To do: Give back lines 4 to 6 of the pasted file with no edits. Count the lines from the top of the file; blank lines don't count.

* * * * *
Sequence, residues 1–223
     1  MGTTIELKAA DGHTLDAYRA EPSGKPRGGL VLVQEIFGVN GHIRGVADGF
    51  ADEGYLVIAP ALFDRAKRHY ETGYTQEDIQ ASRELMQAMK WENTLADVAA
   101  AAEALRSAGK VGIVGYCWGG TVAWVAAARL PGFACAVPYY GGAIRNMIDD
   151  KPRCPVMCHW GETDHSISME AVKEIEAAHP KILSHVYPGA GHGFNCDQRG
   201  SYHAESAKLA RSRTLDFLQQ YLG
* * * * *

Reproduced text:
   101  AAEALRSAGK VGIVGYCWGG TVAWVAAARL PGFACAVPYY GGAIRNMIDD
   151  KPRCPVMCHW GETDHSISME AVKEIEAAHP KILSHVYPGA GHGFNCDQRG
   201  SYHAESAKLA RSRTLDFLQQ YLG